I ran into the kitchen -- my tired body trying to keep up -- and started to prep dinner. After I got through the initial what on earth should we have for dinner portion I set into my work. Grabbing a red bell pepper from the fridge I proceeded to cut it into thin strips perfect for stir-frying.
Can I help cut the pepper, momma?
It was Grace. Sweet, tender ten year old Grace standing besides me asking to cut that red pepper I was racing to chop.
No, no, no Gracie. I have to get dinner made quick. Everyone is hungry.
She looked at me and pleaded with me with her expressive eyes hoping for an opportunity to help out. To be there besides me preparing dinner -- cutting a pepper.
Please? I can cut it really nice. Please can I help cut the peppers?
Above my sink is a little red frame with two words handwritten in it by my oldest daughter Hannah. She wrote it shortly after Samuel was diagnosed with Celiac Disease. Live Intentional. Simple words reminding me of the importance of life and the everyday. What would matter more? That we ate at 6:15 sharp? Or that the heart of my willing and eager to serve daughter was met? I knew immediately what I was to do.
Okay, Gracie-girl, you can cut the pepper.
Immediately her posture changed as she embraced her task -- finding a small knife she painstakingly sliced the thick red pepper. Thicker than I would have done, but that, that detail didn't really matter anymore. I could hear her humming as she helped prepare the meal, beside me. She grabbed an onion and slowly did the same thing. Cut, cut, cut. And gradually a pile of vegetables began to form on our worn cutting board.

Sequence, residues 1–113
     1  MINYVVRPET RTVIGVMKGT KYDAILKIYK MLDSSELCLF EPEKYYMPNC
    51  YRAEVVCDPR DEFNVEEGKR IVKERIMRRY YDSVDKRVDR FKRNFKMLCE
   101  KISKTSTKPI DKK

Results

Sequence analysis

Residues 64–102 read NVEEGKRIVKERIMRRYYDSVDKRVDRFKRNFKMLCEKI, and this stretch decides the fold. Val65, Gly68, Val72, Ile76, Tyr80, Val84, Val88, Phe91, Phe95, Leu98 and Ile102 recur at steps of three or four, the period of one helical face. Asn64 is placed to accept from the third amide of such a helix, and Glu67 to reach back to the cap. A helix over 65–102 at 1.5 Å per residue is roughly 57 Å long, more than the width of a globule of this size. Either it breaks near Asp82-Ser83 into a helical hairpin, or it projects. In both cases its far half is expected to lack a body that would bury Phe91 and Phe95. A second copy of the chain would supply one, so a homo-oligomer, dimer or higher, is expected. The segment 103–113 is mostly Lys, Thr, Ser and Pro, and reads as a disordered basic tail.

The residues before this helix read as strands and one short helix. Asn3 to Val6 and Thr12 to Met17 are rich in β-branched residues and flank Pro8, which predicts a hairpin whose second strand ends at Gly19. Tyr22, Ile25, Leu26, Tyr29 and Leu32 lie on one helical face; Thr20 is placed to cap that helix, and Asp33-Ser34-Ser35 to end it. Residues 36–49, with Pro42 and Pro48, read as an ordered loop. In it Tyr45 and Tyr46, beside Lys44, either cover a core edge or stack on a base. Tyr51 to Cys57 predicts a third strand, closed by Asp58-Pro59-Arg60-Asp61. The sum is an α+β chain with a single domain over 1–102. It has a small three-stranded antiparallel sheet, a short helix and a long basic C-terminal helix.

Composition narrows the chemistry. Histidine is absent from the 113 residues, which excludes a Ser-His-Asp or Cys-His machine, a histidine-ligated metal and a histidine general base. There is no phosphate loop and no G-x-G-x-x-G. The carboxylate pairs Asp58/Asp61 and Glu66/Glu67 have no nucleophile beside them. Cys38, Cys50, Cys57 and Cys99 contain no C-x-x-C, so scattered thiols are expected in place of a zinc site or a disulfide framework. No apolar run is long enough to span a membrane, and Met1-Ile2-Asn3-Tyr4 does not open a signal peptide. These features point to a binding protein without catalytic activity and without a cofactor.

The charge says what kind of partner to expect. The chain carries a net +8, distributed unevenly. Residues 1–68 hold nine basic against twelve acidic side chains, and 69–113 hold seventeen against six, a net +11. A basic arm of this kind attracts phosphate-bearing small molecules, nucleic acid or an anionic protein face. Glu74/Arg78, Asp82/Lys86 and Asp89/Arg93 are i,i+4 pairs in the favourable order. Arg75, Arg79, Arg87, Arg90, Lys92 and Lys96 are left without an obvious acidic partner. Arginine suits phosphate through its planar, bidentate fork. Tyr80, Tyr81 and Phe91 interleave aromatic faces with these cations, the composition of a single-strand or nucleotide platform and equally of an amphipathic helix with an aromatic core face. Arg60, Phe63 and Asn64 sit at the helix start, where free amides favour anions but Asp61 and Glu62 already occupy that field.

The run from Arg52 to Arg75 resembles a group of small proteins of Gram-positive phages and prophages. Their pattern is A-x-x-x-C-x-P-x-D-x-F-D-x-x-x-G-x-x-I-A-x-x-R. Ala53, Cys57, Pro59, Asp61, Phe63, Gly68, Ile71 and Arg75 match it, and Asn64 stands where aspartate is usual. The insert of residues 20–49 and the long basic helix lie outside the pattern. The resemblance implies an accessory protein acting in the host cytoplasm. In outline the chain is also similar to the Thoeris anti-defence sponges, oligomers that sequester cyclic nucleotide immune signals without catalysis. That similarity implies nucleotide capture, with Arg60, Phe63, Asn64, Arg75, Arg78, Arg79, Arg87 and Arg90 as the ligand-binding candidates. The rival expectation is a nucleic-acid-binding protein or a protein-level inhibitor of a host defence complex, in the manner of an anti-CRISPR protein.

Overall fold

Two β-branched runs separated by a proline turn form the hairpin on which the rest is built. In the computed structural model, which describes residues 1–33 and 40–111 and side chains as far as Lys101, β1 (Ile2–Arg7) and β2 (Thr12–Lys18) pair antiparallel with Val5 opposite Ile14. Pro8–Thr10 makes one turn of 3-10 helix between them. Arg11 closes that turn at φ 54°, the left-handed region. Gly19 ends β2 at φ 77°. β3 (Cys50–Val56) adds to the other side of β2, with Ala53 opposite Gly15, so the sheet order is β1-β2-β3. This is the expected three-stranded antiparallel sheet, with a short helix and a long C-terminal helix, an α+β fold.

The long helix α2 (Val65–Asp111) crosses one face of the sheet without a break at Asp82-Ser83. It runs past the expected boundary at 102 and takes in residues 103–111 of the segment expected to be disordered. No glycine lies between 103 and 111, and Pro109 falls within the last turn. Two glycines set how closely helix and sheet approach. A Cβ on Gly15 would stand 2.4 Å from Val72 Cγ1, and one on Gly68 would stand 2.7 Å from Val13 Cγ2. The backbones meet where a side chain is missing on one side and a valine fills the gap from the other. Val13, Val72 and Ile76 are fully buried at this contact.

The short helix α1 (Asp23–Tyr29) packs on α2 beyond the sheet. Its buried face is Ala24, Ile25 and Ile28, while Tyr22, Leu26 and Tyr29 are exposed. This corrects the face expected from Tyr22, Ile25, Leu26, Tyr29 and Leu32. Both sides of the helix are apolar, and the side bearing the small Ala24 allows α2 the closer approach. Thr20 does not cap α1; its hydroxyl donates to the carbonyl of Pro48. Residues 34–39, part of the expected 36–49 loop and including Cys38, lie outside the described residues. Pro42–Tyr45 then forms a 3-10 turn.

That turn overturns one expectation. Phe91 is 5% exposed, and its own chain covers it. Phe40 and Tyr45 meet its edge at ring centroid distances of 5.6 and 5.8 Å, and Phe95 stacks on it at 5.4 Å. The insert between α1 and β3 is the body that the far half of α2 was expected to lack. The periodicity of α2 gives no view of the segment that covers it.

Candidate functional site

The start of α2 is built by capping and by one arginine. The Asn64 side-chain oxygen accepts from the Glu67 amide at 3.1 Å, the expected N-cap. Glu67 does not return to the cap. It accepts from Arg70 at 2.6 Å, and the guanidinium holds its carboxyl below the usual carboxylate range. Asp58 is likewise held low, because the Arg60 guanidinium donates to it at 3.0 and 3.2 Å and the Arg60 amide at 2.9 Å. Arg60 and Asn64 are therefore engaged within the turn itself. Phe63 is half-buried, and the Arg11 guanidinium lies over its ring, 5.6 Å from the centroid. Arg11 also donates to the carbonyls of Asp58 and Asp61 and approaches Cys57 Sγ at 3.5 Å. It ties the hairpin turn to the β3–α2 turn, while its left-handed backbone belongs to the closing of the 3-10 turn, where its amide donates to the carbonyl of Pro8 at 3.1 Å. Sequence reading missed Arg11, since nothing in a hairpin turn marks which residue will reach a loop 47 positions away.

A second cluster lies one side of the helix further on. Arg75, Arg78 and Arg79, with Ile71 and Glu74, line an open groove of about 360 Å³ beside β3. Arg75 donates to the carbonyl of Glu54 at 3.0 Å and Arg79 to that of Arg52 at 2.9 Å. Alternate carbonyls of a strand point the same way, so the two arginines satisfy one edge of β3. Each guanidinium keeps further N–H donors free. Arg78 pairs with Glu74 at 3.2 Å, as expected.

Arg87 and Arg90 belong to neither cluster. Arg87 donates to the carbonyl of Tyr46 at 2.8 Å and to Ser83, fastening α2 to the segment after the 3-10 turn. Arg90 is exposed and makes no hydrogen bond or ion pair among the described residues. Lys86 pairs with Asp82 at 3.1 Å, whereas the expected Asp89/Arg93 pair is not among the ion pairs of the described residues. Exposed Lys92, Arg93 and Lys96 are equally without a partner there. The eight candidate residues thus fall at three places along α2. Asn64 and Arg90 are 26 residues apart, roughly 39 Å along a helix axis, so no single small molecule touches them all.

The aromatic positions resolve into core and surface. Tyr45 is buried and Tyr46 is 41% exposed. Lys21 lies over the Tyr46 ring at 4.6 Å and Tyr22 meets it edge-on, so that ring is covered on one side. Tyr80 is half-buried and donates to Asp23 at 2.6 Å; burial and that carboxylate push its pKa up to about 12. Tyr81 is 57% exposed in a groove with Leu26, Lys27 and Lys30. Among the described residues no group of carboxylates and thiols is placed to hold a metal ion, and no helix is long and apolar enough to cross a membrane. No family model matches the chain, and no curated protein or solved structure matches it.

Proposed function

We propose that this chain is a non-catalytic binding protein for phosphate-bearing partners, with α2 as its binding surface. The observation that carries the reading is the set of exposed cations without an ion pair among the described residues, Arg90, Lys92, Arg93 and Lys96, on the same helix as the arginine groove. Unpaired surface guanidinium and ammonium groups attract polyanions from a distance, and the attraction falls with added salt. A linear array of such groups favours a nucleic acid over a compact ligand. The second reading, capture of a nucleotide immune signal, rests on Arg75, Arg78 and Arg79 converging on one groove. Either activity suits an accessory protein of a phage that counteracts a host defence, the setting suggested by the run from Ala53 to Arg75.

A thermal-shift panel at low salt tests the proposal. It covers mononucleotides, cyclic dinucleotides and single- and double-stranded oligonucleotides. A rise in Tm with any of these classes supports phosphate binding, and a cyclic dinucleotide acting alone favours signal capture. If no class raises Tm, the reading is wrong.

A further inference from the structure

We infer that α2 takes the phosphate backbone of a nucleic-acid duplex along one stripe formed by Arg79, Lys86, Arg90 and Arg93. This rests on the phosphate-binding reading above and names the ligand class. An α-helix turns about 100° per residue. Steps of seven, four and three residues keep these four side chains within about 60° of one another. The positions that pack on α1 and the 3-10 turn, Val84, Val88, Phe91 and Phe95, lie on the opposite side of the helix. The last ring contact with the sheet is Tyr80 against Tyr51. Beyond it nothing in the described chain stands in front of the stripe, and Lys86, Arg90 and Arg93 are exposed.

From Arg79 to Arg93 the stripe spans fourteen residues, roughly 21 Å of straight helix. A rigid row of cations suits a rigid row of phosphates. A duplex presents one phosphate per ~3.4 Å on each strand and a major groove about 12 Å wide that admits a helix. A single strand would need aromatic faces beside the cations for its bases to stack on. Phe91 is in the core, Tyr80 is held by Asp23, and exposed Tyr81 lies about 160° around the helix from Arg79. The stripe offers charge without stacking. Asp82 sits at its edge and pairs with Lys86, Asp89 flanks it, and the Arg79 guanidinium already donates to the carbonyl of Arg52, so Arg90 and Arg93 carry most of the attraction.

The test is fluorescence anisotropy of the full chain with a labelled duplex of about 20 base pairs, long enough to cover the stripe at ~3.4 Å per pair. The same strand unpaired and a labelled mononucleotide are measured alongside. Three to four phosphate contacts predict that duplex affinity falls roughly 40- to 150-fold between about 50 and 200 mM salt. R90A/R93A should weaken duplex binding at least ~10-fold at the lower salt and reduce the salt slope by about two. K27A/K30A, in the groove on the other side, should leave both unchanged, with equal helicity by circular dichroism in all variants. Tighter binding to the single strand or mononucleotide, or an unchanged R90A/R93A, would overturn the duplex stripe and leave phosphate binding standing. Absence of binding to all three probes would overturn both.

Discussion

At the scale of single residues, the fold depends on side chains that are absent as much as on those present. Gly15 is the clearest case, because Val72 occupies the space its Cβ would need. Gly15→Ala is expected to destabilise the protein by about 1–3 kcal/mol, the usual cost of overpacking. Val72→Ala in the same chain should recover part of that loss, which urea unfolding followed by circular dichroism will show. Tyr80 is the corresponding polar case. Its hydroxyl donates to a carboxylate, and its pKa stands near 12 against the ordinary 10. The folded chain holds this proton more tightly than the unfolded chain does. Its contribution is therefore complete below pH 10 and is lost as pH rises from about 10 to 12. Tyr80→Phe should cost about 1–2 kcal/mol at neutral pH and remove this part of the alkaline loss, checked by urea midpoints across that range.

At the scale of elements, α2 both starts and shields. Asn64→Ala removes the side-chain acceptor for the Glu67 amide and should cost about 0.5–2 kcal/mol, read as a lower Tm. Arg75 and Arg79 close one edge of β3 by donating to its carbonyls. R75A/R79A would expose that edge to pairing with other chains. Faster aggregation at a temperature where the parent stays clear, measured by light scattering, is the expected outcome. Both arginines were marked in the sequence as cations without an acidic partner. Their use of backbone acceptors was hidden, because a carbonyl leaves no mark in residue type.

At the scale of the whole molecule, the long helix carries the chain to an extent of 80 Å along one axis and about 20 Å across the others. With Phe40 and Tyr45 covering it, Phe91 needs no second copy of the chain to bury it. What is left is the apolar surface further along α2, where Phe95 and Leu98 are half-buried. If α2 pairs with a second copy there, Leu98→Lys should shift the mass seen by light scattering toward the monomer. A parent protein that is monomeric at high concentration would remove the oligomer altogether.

I could have done it all.
We could have ate our dinner, eating the thinly sliced peppers and moved onward. But, it would have been different. Instead it was intentional living. Looking for the joy that slicing a red pepper brings to my ten year old. It could have been missed, lost, gone leaving in it's dust a servant's heart in a little girl ignored.
We sat around the table with plates heaping with quinoa and chicken, red peppers, and onions. We sat there in the fellowship of family watching the sun fade into the horizon. As the last bit of autumn sky turned to darkness Todd casually remarked that the dinner was great. Sweet Grace looked up with a grinning face and whispered:
I cut the pepper, daddy. I did that.
Let them cut the peppers.